Turning the Classroom: Using Team-Based Learning to Engage Students in Psychiatric-Mental Nursing Course
Smith, George Byron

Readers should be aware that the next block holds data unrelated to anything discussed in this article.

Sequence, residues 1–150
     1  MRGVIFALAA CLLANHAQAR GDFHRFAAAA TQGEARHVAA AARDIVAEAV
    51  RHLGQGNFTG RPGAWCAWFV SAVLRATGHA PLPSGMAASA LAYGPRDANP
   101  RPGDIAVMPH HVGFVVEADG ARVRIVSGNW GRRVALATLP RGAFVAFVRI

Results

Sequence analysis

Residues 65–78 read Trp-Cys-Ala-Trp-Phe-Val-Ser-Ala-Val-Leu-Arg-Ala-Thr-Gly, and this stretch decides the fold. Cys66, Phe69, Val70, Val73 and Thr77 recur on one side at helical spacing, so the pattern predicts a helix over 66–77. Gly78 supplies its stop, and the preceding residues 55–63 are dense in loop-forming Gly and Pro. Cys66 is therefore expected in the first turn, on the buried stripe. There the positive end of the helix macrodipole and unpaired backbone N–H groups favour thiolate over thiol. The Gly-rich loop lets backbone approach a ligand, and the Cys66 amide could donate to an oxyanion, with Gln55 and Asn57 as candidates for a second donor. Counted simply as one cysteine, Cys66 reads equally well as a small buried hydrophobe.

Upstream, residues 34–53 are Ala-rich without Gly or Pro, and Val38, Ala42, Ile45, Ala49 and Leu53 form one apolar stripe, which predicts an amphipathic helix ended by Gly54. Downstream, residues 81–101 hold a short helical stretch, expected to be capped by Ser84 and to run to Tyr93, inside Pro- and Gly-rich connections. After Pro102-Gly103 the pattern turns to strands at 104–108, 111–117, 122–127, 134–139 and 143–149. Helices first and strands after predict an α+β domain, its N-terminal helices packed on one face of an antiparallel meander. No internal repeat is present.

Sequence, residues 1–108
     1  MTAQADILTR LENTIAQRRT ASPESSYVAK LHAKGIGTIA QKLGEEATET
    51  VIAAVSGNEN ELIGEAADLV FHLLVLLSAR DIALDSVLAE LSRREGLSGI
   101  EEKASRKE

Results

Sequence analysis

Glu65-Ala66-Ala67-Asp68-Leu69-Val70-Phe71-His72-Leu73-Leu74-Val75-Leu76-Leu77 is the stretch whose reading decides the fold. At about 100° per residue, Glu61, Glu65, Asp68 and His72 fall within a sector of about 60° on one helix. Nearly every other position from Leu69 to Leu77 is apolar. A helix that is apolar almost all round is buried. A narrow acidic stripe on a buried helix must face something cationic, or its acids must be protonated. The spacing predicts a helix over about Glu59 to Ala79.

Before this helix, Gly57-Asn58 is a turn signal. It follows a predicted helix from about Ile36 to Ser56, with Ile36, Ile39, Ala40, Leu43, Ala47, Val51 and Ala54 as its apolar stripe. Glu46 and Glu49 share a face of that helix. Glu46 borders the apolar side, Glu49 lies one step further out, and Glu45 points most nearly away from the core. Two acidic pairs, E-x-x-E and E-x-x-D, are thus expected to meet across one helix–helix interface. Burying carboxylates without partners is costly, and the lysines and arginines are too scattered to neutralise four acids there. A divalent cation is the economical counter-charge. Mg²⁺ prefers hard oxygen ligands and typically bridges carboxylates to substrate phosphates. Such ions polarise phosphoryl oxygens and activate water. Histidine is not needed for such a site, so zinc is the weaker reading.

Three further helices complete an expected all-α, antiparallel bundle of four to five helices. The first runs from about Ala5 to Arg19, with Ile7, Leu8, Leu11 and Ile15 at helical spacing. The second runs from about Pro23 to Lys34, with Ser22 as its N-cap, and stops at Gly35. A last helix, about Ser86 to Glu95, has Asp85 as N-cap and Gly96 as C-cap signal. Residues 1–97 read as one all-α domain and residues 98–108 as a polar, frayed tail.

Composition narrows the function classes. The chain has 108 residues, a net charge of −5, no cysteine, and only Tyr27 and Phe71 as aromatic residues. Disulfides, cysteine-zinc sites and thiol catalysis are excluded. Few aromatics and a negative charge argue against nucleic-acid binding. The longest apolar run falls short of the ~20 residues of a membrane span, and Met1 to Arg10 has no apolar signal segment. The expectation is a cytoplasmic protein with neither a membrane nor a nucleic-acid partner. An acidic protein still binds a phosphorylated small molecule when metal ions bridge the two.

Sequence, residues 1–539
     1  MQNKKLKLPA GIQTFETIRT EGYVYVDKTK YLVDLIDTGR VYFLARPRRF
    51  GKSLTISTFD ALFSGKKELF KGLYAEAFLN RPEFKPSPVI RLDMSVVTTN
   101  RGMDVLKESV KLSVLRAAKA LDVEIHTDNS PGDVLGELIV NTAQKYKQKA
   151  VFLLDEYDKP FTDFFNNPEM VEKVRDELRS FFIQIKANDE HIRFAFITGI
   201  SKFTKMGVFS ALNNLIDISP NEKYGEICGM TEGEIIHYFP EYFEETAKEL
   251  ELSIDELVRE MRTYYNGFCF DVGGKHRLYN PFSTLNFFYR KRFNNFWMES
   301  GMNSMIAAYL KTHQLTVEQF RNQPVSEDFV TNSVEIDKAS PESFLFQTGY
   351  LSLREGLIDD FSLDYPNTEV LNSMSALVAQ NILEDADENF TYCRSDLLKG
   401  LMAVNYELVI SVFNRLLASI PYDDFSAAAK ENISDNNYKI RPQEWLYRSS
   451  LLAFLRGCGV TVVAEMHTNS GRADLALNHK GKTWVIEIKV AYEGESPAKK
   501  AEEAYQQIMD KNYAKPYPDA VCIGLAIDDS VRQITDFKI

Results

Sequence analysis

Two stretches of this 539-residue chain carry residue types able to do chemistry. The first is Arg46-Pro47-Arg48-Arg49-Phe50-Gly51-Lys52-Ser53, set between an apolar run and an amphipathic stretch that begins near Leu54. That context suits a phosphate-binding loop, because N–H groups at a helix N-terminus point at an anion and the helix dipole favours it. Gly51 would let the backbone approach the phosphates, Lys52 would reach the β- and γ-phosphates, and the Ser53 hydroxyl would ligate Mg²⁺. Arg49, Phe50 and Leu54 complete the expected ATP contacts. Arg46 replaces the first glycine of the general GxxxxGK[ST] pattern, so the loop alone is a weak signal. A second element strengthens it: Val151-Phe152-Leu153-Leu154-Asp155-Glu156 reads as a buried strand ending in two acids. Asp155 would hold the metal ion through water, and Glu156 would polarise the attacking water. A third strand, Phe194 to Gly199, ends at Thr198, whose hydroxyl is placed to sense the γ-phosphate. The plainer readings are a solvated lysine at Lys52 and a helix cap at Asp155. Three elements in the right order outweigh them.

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Session presented on: Tuesday, July 23, 2013: Team-based learning (TBL) is an evidence-based instructional method that engages students to become active participates in their own learning. Students form teams of five to seven members. In TBL students' engagement occurs in two interrelated, mutually strengthening areas: within course content (individual) and within teams (group). TBL has been shown to improve critical thinking, foster engagement in the classroom, promote collaboration, and enhances student satisfaction. A descriptive correlational study was conducted. The sample included a control group (n=43) who received standard lecture model and an intervention group (n=45) who received TBL model. Evaluation methods included a standardized multiple choice exam, a standardized assessment tool, and the Team-Based Learning Student Assessment Instrument (TBL-SAI). Exam scores for students in TBL (x= 83.64) were higher than for students in traditional lecture (x=80.46). There was a significant main effect for teaching format, t(45)=2.30, p < .02, with TBL receiving higher scores than traditional lectures. Student from both groups performed similarly on the standardized assessment (TBL=61.85; Traditional lecture=61.33). There was no significant main effect for standardized scores, t(45)=0.31, p < .76, with scores from both groups being similar. Overall perception of TBL was positive with accountability (x= 4.20) more positive than satisfaction (x=3.85). These results are similar to other disciplines using similar instruments. The benefits for students in team-based learning were reduced attrition, manageable reading loads, enhanced preparedness for class which allowed for richer discussions and learning to occur. The Institute of Medicine (2011) strongly recommends that nursing education must change in the 21st century as healthcare continues to change. Team based learning provides students with the exposure to diverse ways of thinking, activities that promote negotiation of roles and responsibilities, collaboration and coordination of activities. These activities lead to the acquisition of'skills that are essential for success in the new health paradigm.